Discrete Assembly of Rapidly Configurable Robotics

Preliminary work

Updated schedule



Research into self assembling robotic systems has cumulated in complex modules which are challenging to manufacture at scale and the resulting collective functionality of the self-assembled system is limited. In comparison, whilst full-custom robotic systems have been shown to perform a wide range of high performance capabilities, these systems are not reconfigurable.

This thesis will present an alternative to current configurable systems be decomposing the robotic system to a fine grained level of functionality. In doing so, I will demonstrate that a small number of parts can be used on make many different types of robots.


  1. Design the structural system - Interpolate a structural system that sits between the modular electronics currently being developed by Will Langford and the sparse, ultra light, cellular lattices developed by the Coded Structures Lab at the NASA Ames Research Center. The system that is being developed by Will Langford has been optimized in part for automated assembly in support of the goal to scale down to a cell pitch of around 1mm. When scaling up, the density of the structure becomes more important as well as the ease with which you can transition construction between orthogonal planes. For these reasons it becomes necessary to take design aspects of the lattice structures developed by the CSL to create a structural system with a higher specific stiffness and simpler transistions between structural planes.
  2. Develop a set of parts - Once the structural system has been developed, the kit of parts can be developed. This kit must provide a range of routing functions including communication, power and structural loads. In addition the kit of parts should contain units capable of performing computation and actuation.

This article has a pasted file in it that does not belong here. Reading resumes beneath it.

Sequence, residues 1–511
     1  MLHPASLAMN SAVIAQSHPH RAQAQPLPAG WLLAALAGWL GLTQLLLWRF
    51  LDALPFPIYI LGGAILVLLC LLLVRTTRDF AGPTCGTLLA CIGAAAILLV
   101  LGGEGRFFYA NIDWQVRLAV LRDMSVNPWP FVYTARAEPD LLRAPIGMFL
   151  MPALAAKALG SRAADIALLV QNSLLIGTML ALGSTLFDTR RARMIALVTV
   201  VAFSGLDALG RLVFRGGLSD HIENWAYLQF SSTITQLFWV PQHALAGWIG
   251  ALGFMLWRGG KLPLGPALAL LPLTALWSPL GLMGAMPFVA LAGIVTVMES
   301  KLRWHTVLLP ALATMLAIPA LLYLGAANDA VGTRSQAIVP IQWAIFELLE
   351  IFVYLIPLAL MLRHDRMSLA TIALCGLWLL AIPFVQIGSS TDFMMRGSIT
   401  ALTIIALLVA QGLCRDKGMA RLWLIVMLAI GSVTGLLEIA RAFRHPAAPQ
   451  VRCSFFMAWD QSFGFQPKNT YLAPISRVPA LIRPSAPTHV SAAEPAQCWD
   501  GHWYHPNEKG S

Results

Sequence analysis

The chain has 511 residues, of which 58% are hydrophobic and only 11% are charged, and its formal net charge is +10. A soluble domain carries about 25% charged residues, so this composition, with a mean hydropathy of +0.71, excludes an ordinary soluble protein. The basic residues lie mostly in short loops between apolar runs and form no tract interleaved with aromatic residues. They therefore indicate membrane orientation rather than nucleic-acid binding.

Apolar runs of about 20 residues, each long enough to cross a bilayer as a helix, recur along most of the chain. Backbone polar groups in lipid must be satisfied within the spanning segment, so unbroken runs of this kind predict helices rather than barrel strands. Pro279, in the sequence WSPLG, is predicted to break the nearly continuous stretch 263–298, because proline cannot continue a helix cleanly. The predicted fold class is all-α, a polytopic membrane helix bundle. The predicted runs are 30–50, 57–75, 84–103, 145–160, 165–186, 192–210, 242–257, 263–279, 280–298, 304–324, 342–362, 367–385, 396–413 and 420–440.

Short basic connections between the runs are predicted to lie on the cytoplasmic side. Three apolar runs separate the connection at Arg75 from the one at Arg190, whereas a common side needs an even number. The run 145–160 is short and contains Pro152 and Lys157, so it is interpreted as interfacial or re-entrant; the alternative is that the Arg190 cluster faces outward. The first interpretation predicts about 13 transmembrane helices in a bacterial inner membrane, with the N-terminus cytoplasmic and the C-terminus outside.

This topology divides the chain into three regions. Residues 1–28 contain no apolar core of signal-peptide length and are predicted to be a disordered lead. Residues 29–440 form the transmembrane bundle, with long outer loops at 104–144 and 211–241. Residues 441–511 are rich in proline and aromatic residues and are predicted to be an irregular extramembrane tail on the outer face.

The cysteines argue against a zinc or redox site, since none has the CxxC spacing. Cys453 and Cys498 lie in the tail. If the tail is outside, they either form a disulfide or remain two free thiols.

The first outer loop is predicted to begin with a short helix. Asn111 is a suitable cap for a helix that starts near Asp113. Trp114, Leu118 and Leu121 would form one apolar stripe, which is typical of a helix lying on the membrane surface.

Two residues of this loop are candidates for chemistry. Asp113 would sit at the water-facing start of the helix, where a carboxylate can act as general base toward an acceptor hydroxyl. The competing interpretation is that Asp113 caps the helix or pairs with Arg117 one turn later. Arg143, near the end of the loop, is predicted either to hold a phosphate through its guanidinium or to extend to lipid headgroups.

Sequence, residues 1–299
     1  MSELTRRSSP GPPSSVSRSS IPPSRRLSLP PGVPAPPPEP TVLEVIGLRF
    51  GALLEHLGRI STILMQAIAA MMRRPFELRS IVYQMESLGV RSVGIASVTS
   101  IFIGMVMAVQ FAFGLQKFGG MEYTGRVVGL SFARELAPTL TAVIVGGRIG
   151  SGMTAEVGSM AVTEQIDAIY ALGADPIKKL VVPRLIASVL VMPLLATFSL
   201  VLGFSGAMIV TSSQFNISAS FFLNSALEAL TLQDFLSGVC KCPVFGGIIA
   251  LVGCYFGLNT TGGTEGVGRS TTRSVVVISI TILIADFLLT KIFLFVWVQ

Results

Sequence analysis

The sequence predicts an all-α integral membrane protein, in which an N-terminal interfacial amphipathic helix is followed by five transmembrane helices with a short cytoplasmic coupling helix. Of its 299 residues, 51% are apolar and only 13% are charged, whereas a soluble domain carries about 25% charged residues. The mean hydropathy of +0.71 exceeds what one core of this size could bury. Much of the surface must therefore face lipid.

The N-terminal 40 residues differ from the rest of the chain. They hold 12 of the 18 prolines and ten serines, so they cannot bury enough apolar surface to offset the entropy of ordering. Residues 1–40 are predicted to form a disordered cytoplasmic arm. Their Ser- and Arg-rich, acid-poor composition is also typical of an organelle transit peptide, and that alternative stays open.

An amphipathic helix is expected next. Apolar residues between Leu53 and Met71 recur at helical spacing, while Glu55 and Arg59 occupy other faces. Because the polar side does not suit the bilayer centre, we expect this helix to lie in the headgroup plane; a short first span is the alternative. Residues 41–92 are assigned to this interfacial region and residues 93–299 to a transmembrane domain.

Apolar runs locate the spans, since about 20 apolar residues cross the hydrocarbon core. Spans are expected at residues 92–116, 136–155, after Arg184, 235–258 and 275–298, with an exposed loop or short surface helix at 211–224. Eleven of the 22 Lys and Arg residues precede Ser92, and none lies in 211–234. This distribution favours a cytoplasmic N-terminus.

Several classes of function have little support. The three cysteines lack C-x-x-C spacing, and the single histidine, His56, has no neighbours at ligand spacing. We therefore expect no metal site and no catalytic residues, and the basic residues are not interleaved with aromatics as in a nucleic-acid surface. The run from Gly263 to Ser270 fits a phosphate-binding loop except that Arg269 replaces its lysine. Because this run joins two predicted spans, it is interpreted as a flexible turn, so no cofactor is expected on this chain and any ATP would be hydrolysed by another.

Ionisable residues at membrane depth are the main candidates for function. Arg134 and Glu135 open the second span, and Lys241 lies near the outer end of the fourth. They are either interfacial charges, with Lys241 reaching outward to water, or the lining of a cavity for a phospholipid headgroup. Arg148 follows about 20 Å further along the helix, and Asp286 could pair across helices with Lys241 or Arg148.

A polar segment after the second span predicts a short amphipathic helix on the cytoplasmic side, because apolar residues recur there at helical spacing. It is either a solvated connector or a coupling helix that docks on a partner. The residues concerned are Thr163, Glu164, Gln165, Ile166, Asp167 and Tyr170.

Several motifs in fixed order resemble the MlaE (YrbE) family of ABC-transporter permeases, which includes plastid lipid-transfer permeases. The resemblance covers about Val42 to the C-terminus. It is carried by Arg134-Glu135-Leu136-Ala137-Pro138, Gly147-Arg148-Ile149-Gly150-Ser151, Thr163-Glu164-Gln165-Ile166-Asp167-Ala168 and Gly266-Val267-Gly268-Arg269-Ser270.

3. Pick a portfolio of test cases - Begin by choosing some test cases of locomotion and manipulation. This could be based on performing a specific task, or it could be chosen in a way that scales up the complexity of the movement where perhaps swimming requires a 1D linkage, flapping is 2D and walking is 3D.
  4. Collaborate on the chosen use cases to determine specifications to build towards and metrics to assess performance.


Metric for range of functionality - Compare the range of functionality through reconfiguration with that that's possible with state of the art programmable matter projects or a kit of parts to make Big Dog.

Metric for scalability in terms of production of a single part - How easy is it to make an individual part

Metric for scalability in terms of assembly - Can assembly be automated?


Cellular robotics, where a set of parts can generate a range of forms of locomotion. (In CBA world, find a space in between Will type parts at Ben/Kenny scale parts.)

Literature categories

  • Custom complex robots such as Big Dog or Sangbae Kim's Cheetah required a host of custom parts. If we're aiming for a couple orders of magnitude lower performance then can we go modular?
  • Modular reconfigurable robots / programmable matter - understand how far they got in terms of reconfigurability for different types of locomotion. Find evidence that the modules ended up becoming as complex as the whole.
  • Phonemes for locomotion - what DOFs are required for walking, swimming and flapping and what are the scaling laws that determine their energy requirements, how do these compare the the energy density of available actuators and how does this 2x2 table output a recipe for the required building blocks. Whilst it comes from a field very far from robotics, Laban's analysis of movement helps to describe the different dimensions of movement which might be helpful when picking a portfloio of movements to replicate.